Several days ago, I began a project that at first glance, seemed straightforward and easy. So, I jumped right in with both feet and a smile. The project? Re-tiling a small section of floor that my wonderful daycare children had ruined over the years with their tiny fingers pluck, pluck, plucking at the corners and breaking off pieces. I figured it would take me an afternoon. Ha!!! It turned into an almost three day ordeal.
I started out with a 4" putty knife, and a Dyson vacuum. Placing the edge of the putty knife next to a ruined corner, I pushed and pried and prodded, using far more muscle in my back, shoulders and arms than I would have thought necessary. After a few tiles, I sat back on my heels and thought "there's got to be a better way." I quickly added my hairdryer, the heat loosening the adhesive backing. It helped, but still took a fair amount of elbow grease. Several hours later, I plucked the last tile from the floor and surveyed the sticky residue adhering to the painted sub-floor. Now came the next thought, how to get the residue off.
Now some of you might think, why didn't I just put the new vinyl tile down? I wish it were that simple. Vinyl tile is very unforgiving and if there is even a small imperfection on the floor, a dip, a bump, a blemish, it will eventually show through in the tile and wear off the finish or crack the tile. So began the menagerie of substances designed to removed gooey guck. I tried Goo Gone, Solu-mel (both diluted and undiluted) a special adhesive remover designed specifically for said adhesive. I even tried putting sand from the sand box on top of it and then sanding it. All that happened was now I had a colorful stuck on layer of sand and a ruined sanding belt. It wasn't until my husband brought in a can of paint stripper. I shrugged my shoulders and said, "why not."
It worked. It came up like butter.
Then I sanded, filled in holes, sanded again, filled in more holes, sanded and then painted the floor. Finally, after days of backbreaking work and achy bruised knees, I was able to place the first tile down, and in as little as 40 minutes, I had a new beautiful surface.
Then, I began the next project, which was a larger section of floor, same job as before.
I'm sure at this point you are asking, what in the world does flooring have to do with plotting. I'm getting there. I promise.
As I worked on the new section, I thought about what I had learned from the first go round and what knowledge I now had to make this larger area go quicker. And then as my thoughts often do, they drifted to writing and more specifically a writing workshop I took the other weekend. As I went back and forth thinking of these two seemingly unrelated topics, I realized, my flooring experience is not so unlike my writing experiences.
If you remember, the first section I just jumped headlong into. And that's how I write. By the seat of my pants. But I have often thought, how much easier it would be with some planning and outlining. But try as I might, I get impatient and just want to get started. Which there is absolutely nothing wrong with that approach. So fellow pansters, pants away.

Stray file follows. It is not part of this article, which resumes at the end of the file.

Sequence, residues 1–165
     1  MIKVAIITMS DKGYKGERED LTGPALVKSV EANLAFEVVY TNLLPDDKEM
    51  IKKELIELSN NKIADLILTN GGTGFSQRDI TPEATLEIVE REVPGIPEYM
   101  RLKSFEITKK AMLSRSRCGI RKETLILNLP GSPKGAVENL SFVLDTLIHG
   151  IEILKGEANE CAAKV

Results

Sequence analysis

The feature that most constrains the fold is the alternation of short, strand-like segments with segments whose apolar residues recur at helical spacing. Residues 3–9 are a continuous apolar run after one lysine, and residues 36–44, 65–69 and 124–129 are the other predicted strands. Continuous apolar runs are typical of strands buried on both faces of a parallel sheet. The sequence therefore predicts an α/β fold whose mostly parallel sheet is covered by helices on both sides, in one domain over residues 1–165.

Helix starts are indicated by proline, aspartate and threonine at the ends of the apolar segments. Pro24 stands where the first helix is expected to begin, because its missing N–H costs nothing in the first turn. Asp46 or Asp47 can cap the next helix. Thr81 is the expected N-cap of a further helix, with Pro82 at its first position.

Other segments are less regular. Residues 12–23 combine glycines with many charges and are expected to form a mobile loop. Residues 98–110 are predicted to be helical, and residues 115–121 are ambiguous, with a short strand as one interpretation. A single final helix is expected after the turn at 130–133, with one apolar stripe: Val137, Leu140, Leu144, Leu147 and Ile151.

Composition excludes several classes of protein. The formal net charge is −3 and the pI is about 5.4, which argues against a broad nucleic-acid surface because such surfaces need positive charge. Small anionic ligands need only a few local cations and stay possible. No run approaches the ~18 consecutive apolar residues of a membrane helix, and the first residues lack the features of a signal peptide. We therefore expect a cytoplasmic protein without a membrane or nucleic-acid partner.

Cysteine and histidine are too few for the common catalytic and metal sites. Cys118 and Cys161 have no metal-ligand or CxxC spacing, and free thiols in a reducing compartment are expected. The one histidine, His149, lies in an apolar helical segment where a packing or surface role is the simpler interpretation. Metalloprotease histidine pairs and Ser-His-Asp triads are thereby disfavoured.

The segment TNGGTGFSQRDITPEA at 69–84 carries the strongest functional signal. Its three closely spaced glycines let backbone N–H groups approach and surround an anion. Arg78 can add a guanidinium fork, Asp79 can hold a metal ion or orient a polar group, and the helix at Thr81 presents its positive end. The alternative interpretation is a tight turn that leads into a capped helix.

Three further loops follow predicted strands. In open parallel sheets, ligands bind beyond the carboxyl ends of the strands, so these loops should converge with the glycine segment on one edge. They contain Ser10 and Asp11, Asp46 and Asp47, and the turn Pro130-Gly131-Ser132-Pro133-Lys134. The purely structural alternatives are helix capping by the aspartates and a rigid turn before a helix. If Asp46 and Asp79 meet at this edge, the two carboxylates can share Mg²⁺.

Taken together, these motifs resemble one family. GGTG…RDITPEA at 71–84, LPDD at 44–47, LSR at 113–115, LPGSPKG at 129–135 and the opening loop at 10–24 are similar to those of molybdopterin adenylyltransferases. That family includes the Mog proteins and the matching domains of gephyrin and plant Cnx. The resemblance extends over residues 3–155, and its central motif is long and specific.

But remember, there is a time to plot. And here comes in my second section of flooring. I had my experience to learn from with the first section, so now I was prepared. I now had a better heat gun to release that adhesive in seconds, a better shop vacuum, knee pads, and the added benefit of knowing the best way to remove the residual stickiness. Now, you can take your rough draft, your first chunk of your book, and stop pansting and take a moment to outline and plot.
Martha Alderson has made it a whole lot simpler with her plot planner. Divide your manuscript up into four parts and each of the major events in the pictured planner should fall as outlined.
When your MC realizes life is no longer as they know it, that is the beginning of the end and should be about 1/4 of the way in. Halfway through is your re-commitment scene, which can be confused with the crisis, but this is where something happens to your MC whether internally or externally that makes them shift their view on their current issue or problem. At the 3/4 mark, this is where your MC regroups after completely reaching bottom. They've just had a major crisis and they aren't sure how to deal with it. Here is where they regroup and take over. Things stop happening to them and they start making things happen. At the climax, we should see a transformation of your MC and a resolution to all the turmoil.
The tools I had to finish the second section of flooring helped me greatly to get the job done quicker. Could I have done it without the improved tools? Sure. But it would have taken longer and it might not have turned out as well and if would have been far more painful for me. When you write, you need to make sure you are equipped with the best tools you can find. If you like the Plot Planner, I'd recommend you get a copy of Martha's book or find the right plot tool that works for you. Your finished work will be all the more beautiful for the hidden, underlying hard work you put into it.
The finished floor.
I think I did a pretty good job *pats self on back*
Stephanie N. Pitman, Author
The written word is magical...
Follow My Blog
Blogs & Authors